Antibiotic Sensitivity and Virulence Genes in Staphylococcus aureus Isolates from Surgical Site Infection
Keywords:Virulence gene, surgical site infection, Staphylococcus aureus, MRSA
Fourteen multi drug resistant Staphylococcus aureus isolates from surgical site infection were analyzed for their antibiotic sensitivity and the presence of nine virulence genes. The isolates showed a high resistance pattern, all being resistant to methicillin, oxacillin, azithromycin, ceftazidime and amoxyclav. Seven of the isolates were sensitive to linezolid; three were sensitive to trimethoprim: sulfamethoxazol and another three were sensitive to ciprofloxacin. Ceftriaxone, gentamicin and amikacin were the drugs of choice as nine (64.3%) isolates were sensitive to ceftriaxone, eleven (78.6%) were sensitive to gentamicin and another eleven (78.6%) to amikacin. The present study focused to identify nine important virulence genes including intrinsic methicillin resistance gene mecA, methicillin resistance assisting gene femA, toxic shock syndrome toxin gene tst, exfoliative toxin A and B genes, eta and etb, Panton Valentine leukocidin gene LukS/F-PVL, along with three enterotoxin genes sec, sed and see. According to the presence of mecA gene and antibiotic resistance profile, two isolates were identified as methicillin resistant Staphylococcus aureus. However, another isolate, despite harbouring both mecA and femA genes, was sensitive to ceftriaxone which excluded it from being considered as an MRSA. Thus, the ratio of MRSA can be considered to be quite high (2/14) among the strains. Interestingly, most of the isolates (10/14) harboured femA gene, the majority of which were mecA negative with an MSSA type antibiotic profile. Although considered as a marker for community acquired MRSA, LukS/F-PV was found in half of these nosocomial isolates. Five, four and two of the isolates harboured etb, tst and sec gene, respectively. However, all the isolates were negative for eta, sed and see genes. Two isolates showed the co-existance of “femA, LukS/F-PV, etb, and tst” genes. Another two virulence gene patterns observed were “femA, mecA, tst, sec” and “femA, LukS/F-PV, etb”. The presence of several virulence genes can be correlated to the highly pathogenic nature of the isolates.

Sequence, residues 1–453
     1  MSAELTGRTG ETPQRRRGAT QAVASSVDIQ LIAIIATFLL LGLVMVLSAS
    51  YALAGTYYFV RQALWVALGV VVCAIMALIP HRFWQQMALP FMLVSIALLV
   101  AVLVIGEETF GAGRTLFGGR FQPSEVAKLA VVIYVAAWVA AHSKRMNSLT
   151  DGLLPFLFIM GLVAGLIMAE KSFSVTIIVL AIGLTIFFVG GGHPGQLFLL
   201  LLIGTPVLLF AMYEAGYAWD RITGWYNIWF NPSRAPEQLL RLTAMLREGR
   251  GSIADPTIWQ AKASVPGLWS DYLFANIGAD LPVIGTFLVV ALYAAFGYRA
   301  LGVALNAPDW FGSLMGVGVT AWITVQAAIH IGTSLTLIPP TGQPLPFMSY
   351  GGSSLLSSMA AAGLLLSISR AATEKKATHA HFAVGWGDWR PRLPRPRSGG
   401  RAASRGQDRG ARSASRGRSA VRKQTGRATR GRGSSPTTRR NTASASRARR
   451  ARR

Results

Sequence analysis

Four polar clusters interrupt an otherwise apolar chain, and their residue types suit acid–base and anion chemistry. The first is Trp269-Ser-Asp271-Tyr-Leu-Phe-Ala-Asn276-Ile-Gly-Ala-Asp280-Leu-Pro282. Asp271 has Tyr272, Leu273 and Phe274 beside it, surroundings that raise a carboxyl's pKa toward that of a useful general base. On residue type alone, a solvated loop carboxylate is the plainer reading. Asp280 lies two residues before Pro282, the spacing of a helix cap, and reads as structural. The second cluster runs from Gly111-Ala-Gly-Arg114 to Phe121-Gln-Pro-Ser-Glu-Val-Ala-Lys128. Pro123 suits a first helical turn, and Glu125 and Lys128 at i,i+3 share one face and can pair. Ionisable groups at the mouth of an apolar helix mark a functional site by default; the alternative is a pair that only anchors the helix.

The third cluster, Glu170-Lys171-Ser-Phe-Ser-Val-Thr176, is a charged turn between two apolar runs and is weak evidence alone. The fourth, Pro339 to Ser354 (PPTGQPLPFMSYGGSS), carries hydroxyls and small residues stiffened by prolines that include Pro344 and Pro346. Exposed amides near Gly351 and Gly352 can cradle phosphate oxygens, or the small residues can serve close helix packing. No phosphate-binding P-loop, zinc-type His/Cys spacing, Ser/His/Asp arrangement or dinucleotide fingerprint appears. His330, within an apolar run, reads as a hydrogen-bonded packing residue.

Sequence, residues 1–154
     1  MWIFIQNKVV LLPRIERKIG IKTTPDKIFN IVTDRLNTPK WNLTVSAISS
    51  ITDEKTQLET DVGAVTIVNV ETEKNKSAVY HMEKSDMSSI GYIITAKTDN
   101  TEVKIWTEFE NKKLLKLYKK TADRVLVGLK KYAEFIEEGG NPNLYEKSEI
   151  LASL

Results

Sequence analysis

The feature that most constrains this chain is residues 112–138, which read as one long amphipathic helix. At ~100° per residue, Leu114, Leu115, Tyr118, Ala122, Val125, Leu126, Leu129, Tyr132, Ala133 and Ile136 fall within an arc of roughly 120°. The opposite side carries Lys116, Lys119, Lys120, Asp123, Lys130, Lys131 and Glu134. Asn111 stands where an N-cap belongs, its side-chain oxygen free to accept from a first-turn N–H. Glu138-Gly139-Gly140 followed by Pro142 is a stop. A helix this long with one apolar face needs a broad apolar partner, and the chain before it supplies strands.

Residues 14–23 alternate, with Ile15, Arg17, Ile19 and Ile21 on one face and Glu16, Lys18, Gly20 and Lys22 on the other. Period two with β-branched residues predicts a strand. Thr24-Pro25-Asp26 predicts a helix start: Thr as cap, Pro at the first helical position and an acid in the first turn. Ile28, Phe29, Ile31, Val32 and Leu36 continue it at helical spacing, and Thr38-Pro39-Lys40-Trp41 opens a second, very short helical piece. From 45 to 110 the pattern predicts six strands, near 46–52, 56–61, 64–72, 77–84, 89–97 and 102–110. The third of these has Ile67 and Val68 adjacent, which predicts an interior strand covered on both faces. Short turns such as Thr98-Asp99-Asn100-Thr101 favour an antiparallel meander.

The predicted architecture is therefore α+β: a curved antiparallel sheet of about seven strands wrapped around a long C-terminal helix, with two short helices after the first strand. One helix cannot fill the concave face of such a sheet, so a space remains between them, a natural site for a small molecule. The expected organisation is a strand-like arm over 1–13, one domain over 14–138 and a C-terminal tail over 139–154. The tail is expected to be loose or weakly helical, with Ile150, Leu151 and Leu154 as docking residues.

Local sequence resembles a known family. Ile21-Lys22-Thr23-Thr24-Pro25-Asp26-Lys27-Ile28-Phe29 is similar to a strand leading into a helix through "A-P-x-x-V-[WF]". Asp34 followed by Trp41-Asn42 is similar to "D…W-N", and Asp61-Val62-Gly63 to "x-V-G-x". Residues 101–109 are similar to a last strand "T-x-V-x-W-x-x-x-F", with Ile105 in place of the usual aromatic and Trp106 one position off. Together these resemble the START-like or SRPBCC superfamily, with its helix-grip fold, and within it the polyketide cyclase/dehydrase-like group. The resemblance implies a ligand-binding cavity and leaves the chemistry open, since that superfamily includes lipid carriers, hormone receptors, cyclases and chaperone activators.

Bangladesh J Microbiol, Volume 38, Number 1, June 2021, pp 21-26